Jon Holland has bolted into contention for a shock Test recall if he can overcome a finger injury in time for Australia’s series opener against Sri Lanka in Galle on Wednesday.
Australia received a major boost on Monday, with Mitchell Starc cleared to return from a cut finger after a lengthy centre-wicket training session.
Bowling for the first time without tape on his finger since slicing it open almost three weeks ago, Starc ran in for around an hour and was able to grip the ball without the wound reopening.
Travis Head is also pushing to play and completed fielding and batting tasks as officials wait to see how his hamstring pulls up on Tuesday before making a call on his availability.
But it is the role of fourth bowler that shapes as the point of most contention, with left-arm orthodox Holland and incumbent legspinner Mitchell Swepson vying to play.
Coach Andrew McDonald on Monday indicated Australia would go with two slow bowlers, on a ground where finger spin has traditionally had an advantage over wrist-spinners such as Swepson.
“We haven’t made that decision, and Mitch Swepson is definitely in the selection frame,” McDonald said.
“We’re talking about the direction the ball is spinning and the value of accuracy of finger spin against wrist spin, which at times can be less accurate.
“Traditionally, finger spin has done well here, it would be going against the statistics to say it wasn’t.
“But there also hasn’t been a lot of wrist spin played here.”
Holland, who has nine wickets from four Tests at 63.8 apiece, took 20 wickets at 32.10 in the Sheffield Shield last summer, after missing the start of the season with a finger injury.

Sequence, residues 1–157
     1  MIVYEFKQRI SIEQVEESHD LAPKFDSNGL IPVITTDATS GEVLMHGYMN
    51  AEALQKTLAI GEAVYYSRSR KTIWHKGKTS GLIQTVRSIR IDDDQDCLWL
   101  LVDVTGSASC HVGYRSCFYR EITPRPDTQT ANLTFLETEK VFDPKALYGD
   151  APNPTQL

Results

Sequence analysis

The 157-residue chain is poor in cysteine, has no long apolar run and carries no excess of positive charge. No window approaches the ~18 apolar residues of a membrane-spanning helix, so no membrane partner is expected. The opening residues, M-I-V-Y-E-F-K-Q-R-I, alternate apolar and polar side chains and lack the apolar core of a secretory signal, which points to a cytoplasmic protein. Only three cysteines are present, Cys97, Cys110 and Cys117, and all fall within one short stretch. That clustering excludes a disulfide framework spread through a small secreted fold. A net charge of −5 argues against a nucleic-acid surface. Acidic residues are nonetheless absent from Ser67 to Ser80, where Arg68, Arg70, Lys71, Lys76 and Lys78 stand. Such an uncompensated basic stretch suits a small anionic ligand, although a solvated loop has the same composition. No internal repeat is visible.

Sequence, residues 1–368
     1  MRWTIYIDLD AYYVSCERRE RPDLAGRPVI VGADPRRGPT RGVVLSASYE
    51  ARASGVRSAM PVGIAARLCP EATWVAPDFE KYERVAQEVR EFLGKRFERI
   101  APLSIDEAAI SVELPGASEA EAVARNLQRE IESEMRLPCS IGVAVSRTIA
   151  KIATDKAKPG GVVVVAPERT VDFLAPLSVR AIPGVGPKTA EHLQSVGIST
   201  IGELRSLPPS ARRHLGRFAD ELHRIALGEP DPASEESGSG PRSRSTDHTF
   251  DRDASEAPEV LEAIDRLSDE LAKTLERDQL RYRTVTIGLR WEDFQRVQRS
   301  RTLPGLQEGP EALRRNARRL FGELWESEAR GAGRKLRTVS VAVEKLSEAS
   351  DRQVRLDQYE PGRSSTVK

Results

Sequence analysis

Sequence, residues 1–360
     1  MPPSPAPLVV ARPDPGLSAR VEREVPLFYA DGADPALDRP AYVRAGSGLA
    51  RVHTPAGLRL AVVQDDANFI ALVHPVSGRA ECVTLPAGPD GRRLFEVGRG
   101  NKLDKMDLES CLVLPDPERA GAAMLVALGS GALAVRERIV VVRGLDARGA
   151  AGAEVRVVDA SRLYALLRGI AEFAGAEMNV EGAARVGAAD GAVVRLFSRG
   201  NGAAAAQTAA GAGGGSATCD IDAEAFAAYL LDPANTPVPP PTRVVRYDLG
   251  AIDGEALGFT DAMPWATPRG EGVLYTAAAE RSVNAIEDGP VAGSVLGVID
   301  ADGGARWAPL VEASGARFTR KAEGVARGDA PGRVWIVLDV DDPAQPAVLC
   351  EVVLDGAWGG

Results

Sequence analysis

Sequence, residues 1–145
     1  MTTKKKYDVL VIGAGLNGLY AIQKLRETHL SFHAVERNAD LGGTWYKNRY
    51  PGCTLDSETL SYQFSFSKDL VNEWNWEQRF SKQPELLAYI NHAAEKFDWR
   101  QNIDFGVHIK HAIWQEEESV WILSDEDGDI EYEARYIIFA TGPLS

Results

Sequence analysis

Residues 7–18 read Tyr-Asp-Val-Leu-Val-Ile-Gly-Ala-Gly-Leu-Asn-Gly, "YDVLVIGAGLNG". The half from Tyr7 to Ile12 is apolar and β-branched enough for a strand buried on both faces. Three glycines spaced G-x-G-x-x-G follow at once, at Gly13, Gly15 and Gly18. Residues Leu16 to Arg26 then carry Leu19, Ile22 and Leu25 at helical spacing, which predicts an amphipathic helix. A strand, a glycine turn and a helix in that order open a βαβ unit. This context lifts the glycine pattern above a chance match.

He has not played for Australia since the 2018 tour of the UAE, and has barely been part of a national squad since.
If Holland does win out, it would mark an incredible bolt from the blue given he was not even part of the Australia A squad in Sri Lanka a fortnight ago.
With selectors opting to give Matthew Kuhnemann experience in Asia, Holland was only called in when Ashton Agar was hurt early in the one-day series.
He did not bowl at training on Monday as he rested his sore finger, but McDonald indicated he would play ahead of Kuhnemann if he recovered in time and a finger-spinner was preferred.
Holland’s rise follows a remarkably similar path to his Test debut in Galle six years ago, when called in mid-series as injury cover during Australia’s 3-0 loss.
He took five wickets in two Tests at 54.8 on that tour, after a preparation hampered by coming out of a Victorian winter with limited bowling behind him.
McDonald is confident it would be different this time.
“We know what Jon can do, hence why he has been called into the squad,” McDonald said.
“He’s always been there or thereabouts with domestic performances.
“He was called in late, was he a little underdone when he got into the (Australia) A series? There’s no doubt about that.
“But we feel like he can bowl himself into the form we need him to.”
Steve Smith is ready to embrace the pressure of spinning Sri Lankan wickets, knowing the challenge of difficult pitches brings out the best in his batting.
Currently amid the biggest century drought since before his first ton in 2013, Smith is ready to do it the hard way again in the two Tests in Galle starting on Wednesday.
Because, by his own admission, that’s when he thrives.